Thursday, May 31, 2012

USDA Program Report indicates that pesticides on food are not a risk in US Food Supply

In a report on USDA’s monitoring program for pesticide residues in food, USDA states that pesticides do not pose a safety concern in foods. Pesticide usage is actively controlled by EPA, FDA and USDA. 

USDA Releases 2010 Annual Summary for Pesticide Data ProgramReport confirms that U.S. food does not pose a safety concern based upon pesticide residues.

WASHINGTON, May 25, 2012 -- The U.S. Department of Agriculture’s (USDA) Agricultural Marketing Service (AMS) has posted data from the 2010 Pesticide Data Program (PDP) Annual Summary. This information, along with an explanatory guide for consumers, can be found at The 2010 PDP report confirms that food does not pose a safety concern based upon pesticide residues.

In May of 1991, USDA initiated the PDP to test commodities in the U.S. food supply for pesticide residues. Since passage of the 1996 Food Quality Protection Act (FQPA), one of PDP’s focuses has been on testing foods that are most likely consumed by infants and children. AMS partners with cooperating state agencies to collect and analyze pesticide residue levels on selected foods. In implementing the FQPA, the EPA uses data from the PDP to enhance its programs for food safety and help evaluate dietary exposure to pesticides.

Each year, USDA and EPA work together to identify foods to be tested on a rotating basis. In 2010, surveys were conducted on a variety of foods including fresh and processed fruit and vegetables, oats, eggs, catfish, baby food, groundwater, and treated and untreated drinking water. Similar to previous years, the 2010 report shows that overall pesticide residues found on foods tested are at levels well below the tolerances set by the EPA. The report does show that residues exceeding the tolerance were detected in 0.25 percent of the samples tested. For baby food – included for the first time in this report – the data showed that no residues were found that exceeded the tolerance levels. Some residues were found with no established tolerance levels but the extremely low levels of those residues are not a food safety risk, and the presence of such residues does not pose a safety concern.

Statement from EPA:
“The data confirms EPA’s success in phasing- out pesticides used in children’s food for safer pesticides and pest control techniques. The very small amounts of pesticide residues found in the baby food samples were well below levels that are harmful to children.”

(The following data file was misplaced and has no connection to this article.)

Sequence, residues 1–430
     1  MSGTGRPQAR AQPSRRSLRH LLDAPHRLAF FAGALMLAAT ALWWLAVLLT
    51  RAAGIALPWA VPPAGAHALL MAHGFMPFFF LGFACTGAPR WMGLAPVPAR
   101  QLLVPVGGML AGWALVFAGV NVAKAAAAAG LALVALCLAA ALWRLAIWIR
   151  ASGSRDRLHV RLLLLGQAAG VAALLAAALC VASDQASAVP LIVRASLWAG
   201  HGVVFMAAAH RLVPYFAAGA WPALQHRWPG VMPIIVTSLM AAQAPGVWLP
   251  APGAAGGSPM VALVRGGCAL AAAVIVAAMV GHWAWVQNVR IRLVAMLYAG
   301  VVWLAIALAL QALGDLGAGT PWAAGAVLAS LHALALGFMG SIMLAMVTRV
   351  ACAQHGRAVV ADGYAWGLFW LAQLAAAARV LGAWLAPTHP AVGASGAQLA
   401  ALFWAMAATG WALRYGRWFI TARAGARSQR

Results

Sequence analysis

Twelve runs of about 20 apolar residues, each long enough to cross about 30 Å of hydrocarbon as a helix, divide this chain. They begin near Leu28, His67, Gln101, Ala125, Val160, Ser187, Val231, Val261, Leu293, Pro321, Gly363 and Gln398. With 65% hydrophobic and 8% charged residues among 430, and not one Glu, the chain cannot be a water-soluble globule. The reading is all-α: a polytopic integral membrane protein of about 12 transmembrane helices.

Statement from FDA:
“The U.S. Food and Drug Administration assesses whether pesticide chemical residues found on food may be unlawful under the Federal Food, Drug, and Cosmetic Act and determines if followup is necessary under its own regulatory pesticide program. FDA is able to conduct its own tests, interpret the reported violations, and determine if additional testing is needed in order to take enforcement action, as appropriate. Based on the PDP data from this report, parents and caregivers can continue to feed infants their regular baby foods without being concerned about the possible presence of unlawful pesticide chemical residues.”

Statement from USDA:
“Age-old advice remains the same: eat more fruits and vegetables and wash them before you do so. Health and nutrition experts encourage the consumption of fruits and vegetables in every meal as part of a healthy diet. This message is affirmed in the Dietary Guidelines for Americans released last year, in USDA’s My Plate, as well as federal nutrition guidance that urges people to make half their plate fruits and vegetables.”

Since its inception, the program has tested 105 commodities including fresh and processed fruit and vegetables, meat and poultry, grains, catfish, rice, specialty products, and water. The data is a valuable tool for consumers, food producers and processors, chemical manufacturers, environmental interest groups, and food safety organizations. 

The findings of the Pesticide Data Program Annual Summary, Calendar Year 2010 can be downloaded at Printed copies of it will be available later this year and can be obtained by writing to the Monitoring Programs Division, Science and Technology, Agricultural Marketing Service, USDA, 8609 Sudley Rd., Suite 206, Manassas, VA 20110; by faxing (703) 369-0678; by calling (703) 330-2300, Ext. 110; or by submitting an e-mail request to

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